Tradition Specially Spiced Rum

Tradition Specially Spiced

Product of:  Grenada
Aged:  NA
Price: $22 on Grenada
Alcohol: 69% ABV
Context: Flavored/Spiced Rum
RG Rating:  8.5

Tasting Notes 
Very Smooth.  Tradition Specially Spiced rum is similar in hue to the greenish gold of first press olive oil.  Spicy aromas abound without overwhelming your nose, and feature cinnamon, bay leaf, nutmeg, mace, refreshingly mild cedar essence, uplifting spearmint, sweet rainforest scents, somewhat restrained sugarcane juice and sugar aromas, with surprisingly little alcohol odor considering the 69% ABV.  Initial Tasting reveals summer flavors – pleasantly smooth and flavorful, a velvet hammer of alcohol, suitably spicy but not beastly so, delivered in an earthy vegetal liquid texture but (thankfully) not tasting like compost.  A small cube of ice enhances the aromas and flavors, and perhaps sweetens them too.  Heavy bodied, the rum is more viscous in the mouth than it appears when swirling on the glass, once again reminiscent of very light olive oil, leading to a rather quick finish (as you would prefer) that’s breathy warm and dry, concluding with a fading anise flavor.

Tradition Specially Spiced guts

Two versions of Tradition Specially Spiced rum are available, the spirit reviewed here boasts 138 Proof (69% ABV), whereas it’s weaker sibling delivers an 80 Proof (40% ABV) rum.  I opted for the higher proof version, since it sold at the same price ($22) and I figured the higher alcohol content would more effectively extract the spicy flavors of the various sticks, leaves, nuts, spices and assorted other bramble inside.  Besides, the Grenadian sales woman recommended it, explaining how I get more for my money with the higher proof.  Hey, when in the islands …  I expected to use Tradition in mixed drinks, thinking the higher alcohol would stretch my single bottle’s contents twice as far.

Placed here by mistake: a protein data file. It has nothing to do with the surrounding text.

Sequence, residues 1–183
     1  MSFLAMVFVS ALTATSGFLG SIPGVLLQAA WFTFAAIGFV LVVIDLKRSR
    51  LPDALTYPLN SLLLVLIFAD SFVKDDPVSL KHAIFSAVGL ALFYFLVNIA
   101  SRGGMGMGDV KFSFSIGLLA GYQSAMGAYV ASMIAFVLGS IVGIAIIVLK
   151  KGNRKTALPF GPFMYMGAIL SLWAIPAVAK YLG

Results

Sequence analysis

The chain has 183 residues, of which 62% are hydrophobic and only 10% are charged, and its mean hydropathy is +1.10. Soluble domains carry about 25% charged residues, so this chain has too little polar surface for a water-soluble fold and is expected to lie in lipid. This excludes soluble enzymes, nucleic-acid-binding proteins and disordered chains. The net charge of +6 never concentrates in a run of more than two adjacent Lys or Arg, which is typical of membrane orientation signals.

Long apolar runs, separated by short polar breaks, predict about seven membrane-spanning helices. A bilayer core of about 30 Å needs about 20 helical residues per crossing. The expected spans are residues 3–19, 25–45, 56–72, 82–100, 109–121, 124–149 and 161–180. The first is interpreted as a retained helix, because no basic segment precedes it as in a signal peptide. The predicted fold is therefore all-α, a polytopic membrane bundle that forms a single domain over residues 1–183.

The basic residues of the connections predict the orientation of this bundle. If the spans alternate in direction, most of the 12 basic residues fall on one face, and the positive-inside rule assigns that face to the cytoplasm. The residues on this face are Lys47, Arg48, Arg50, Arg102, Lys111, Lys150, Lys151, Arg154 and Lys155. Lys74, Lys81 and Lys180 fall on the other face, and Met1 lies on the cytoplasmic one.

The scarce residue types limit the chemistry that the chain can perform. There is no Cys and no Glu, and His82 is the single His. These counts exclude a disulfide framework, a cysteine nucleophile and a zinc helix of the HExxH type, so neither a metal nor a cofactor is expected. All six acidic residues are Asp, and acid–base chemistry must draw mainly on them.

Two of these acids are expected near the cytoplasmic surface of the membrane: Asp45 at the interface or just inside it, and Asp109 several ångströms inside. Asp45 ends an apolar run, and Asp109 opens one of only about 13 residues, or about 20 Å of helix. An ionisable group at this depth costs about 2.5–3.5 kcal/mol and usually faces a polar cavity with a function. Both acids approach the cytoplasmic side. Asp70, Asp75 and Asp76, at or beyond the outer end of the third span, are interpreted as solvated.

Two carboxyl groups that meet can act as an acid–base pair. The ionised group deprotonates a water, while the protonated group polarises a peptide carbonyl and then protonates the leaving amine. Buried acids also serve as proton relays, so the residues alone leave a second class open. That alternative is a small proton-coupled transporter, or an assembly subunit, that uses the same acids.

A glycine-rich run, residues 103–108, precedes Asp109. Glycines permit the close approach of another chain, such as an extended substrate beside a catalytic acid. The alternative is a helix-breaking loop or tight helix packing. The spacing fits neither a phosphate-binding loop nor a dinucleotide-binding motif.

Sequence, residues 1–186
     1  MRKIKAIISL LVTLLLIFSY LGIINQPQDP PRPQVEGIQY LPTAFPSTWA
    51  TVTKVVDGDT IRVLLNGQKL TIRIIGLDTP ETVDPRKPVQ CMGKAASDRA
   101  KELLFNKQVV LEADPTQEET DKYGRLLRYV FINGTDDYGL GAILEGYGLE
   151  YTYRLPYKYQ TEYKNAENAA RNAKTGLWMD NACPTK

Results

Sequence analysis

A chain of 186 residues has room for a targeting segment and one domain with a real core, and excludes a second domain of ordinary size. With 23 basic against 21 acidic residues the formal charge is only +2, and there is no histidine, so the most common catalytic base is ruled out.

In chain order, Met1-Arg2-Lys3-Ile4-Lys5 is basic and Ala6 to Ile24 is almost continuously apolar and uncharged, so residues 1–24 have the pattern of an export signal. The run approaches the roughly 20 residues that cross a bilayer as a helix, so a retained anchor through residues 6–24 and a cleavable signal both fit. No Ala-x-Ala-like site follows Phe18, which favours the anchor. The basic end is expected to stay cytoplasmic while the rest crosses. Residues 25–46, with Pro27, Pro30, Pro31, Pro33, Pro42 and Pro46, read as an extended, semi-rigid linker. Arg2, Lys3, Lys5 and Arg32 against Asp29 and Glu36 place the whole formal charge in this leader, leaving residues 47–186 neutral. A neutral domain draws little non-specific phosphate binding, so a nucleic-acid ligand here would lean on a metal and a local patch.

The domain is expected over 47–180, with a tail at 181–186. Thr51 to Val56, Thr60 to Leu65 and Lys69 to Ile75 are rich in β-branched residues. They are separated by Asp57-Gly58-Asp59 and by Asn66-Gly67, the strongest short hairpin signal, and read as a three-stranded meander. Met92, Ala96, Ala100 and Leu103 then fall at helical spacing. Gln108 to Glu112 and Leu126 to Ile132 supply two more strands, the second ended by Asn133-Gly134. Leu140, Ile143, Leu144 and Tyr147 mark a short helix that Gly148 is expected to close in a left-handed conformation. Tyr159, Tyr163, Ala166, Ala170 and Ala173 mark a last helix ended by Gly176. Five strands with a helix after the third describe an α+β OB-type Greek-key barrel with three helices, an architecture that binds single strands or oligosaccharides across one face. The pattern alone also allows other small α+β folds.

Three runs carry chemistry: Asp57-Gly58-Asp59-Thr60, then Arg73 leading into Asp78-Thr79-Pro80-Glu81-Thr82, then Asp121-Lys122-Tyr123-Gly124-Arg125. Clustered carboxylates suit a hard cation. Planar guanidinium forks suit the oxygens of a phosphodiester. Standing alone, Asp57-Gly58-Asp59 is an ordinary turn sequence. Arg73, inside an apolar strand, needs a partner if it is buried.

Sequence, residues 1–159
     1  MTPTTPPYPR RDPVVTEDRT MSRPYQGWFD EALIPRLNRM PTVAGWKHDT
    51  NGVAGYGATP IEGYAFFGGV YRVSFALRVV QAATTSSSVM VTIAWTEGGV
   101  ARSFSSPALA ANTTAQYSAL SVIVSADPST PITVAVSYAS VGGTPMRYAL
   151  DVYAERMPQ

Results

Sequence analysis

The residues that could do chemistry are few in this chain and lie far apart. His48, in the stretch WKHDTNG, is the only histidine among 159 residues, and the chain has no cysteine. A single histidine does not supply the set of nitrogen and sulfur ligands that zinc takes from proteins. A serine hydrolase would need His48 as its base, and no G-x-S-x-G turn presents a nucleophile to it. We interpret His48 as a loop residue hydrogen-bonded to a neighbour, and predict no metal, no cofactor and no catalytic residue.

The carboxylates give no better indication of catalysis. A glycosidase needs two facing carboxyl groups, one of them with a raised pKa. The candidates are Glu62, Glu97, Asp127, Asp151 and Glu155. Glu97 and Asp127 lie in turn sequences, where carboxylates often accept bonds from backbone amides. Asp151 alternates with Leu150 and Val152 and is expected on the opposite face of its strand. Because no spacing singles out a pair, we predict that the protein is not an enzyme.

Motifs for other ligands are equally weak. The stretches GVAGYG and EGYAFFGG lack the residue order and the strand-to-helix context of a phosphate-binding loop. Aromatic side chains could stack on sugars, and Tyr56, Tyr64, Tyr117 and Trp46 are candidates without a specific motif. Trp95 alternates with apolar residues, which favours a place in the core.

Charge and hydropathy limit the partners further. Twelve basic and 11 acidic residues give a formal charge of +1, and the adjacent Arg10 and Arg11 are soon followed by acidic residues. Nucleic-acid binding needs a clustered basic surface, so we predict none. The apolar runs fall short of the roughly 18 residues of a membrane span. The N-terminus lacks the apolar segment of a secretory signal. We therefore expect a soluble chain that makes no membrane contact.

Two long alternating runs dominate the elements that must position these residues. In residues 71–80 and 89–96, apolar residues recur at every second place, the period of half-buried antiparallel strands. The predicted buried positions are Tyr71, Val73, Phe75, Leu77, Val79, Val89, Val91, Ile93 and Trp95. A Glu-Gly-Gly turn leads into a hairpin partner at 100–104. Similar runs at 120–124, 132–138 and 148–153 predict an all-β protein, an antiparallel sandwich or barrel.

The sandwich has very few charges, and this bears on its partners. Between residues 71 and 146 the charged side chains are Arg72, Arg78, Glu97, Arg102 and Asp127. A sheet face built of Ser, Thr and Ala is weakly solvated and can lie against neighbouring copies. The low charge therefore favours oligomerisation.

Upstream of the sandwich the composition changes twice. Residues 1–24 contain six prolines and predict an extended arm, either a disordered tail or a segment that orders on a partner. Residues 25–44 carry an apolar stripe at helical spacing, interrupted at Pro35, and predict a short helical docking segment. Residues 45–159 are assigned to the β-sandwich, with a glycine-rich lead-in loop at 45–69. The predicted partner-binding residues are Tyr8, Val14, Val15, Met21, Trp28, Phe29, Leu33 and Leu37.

Tradition Specialty Spiced rum is a curious spirit; unquestionably spicy, and similar to an individual homemade “Under the Counter” rum due to the cacophony of bramble, herbs, and spices in each bottle.  It is also uncharacteristically and highly overproof.  You might well be asking: “So how do you drink that rum, anyway?  Is it both too strong and too funky to sip neat, abut a shame to bury those spices in a fruity rum drink?”   My reply is:  After one sip, Tradition will seek its own level in your rum repertoire.  If you want a genuine connection to Grenada’s aromatic air, then sip it neat or on a single ice cube.  If you want to add unique flavor to cocktails, especially those using coconut or Coco Lopez, then add a float of Tradition to make any drink your signature concoction.  Either way, when visiting Grenada; try some Tradition Specially Spiced rum; you won’t be disappointed.

Reviewed: June 2010 at the Rum Gallery, USA.

© Dave Russell 2017